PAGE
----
2011; Poliakov and Toth 2011) In Table 2, we entered the
mean VAS values, (i.e. the mean of the maximum and the minimum positions). The pain evolution assessment with VAS measurements was complemented by the use of a patient rating of the experienced global PR (in%), where 0% represents an unchanged pain state after the operation and 100% a complete PR. To assess the level of depression, anxiety and frustration as well as the decrease of quality of
life, we used a scale ranging from 0 to 4 which was presented verbally to the patients. For depression, anxiety and frustration, zero indicates the absence, 1 a slight, 2 a moderate, 3 a strong and 4 a massive intensity level. For decrease of quality of life, 0 is for an absent, 1 a slight, 2 a
moderate, 3 a strong and 4 a massive decrease. In Table2,
the 0.5 values are due to the situations where patients could not decide between two consecutive positions (e.g. 2.5 for a scoring between 2 and 3). We used the decrease of quality of life to get a value moving in the same direction as the 3 emotions, thus simplifying the comparisons and the analyses. It also made the task easier for the patients: they could concentrate on their amount of suffering and not on
what would be a“normal quality of life”.
To assess between-group differences on the behavior-al level, two-sample (two-tailed) t-tests are used for
patients’ age, pain duration, decrease of quality of life,
pain intensity and PR. As the data from psychological scores are ordinal in nature, and therefore the assump-tions of the t-test are violated, non-parametric tests
Table 1 Illustration of the biographic data. SD indicates the standard deviation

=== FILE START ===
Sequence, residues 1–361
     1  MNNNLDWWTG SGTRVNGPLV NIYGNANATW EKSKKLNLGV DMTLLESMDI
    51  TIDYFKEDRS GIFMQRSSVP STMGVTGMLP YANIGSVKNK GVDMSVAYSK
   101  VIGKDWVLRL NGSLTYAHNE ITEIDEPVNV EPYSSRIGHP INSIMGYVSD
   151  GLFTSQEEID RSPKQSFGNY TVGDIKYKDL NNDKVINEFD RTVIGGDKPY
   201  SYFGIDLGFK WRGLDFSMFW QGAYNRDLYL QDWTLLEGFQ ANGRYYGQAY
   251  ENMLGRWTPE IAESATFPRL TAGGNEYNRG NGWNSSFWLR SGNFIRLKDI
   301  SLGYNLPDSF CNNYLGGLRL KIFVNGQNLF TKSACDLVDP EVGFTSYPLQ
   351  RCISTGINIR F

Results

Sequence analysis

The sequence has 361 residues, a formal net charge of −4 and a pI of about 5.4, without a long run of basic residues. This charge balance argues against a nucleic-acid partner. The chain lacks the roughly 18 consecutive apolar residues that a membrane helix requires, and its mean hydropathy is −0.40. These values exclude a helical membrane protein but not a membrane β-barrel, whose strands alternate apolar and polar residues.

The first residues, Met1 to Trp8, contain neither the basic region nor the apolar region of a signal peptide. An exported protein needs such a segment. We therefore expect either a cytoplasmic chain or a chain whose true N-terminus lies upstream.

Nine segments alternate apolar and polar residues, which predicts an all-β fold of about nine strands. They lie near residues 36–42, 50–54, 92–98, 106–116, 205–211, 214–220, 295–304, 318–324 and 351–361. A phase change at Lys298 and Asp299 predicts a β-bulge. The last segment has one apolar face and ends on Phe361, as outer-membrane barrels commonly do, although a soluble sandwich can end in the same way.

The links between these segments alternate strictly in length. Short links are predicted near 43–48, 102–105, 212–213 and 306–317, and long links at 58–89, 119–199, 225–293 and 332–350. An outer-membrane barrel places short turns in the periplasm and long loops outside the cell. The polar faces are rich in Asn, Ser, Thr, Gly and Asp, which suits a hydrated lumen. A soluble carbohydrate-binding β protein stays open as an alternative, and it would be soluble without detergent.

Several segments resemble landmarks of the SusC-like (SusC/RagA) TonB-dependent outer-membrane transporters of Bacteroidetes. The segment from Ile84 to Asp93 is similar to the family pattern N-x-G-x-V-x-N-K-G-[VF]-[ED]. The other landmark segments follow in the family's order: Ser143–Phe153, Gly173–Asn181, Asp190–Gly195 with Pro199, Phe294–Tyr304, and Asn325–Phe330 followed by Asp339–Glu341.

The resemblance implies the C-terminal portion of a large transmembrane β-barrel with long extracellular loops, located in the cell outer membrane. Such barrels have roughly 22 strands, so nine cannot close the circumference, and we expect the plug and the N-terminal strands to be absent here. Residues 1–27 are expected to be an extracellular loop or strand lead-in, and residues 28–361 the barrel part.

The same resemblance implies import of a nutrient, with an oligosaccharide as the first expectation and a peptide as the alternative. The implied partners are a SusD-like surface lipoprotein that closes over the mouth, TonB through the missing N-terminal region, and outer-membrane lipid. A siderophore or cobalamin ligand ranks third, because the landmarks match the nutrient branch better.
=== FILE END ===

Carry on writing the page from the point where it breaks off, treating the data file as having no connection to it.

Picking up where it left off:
High pain relief (HPR) group
pat. gender age (years) pain cause pain location pain side pain duration (years)
1 female 69 peripheral trigeminus right 14
2 male 61 central leg bilateral 2
3 female 54 peripheral leg left 8.5
4 female 58 central trigeminus right 8
5 female 54 peripheral arm right 16
6 male 66 central trigeminus right 6
7 female 51 peripheral trigeminus right 3
8 male 38 peripheral trigeminus right 13
9 male 64 peripheral leg left 13
10 male 50 peripheral trigeminus left 4.5
11 male 59 peripheral trigeminus left 5
12 female 52 peripheral trigeminus left 1.5
13 male 68 peripheral trigeminus right 1
14 female 58 peripheral leg left 7
Mean (SD) 57 (8.3) 7.3 (5)
Low pain relief (LPR) group
1 male 71 central hemibody right 5
2 female 50 peripheral trigeminus right 7
3 male 59 peripheral trigeminus left 2
4 male 57 peripheral arm right 6.5
5 male 52 peripheral trigeminus right 4
6 female 60 peripheral trigeminus right 5
7 female 58 peripheral trigeminus right 1.5
8 male 62 peripheral leg right 3
9 male 56 peripheral arm right 7
Mean (SD) 58 (6.1) 4.6 (2.1)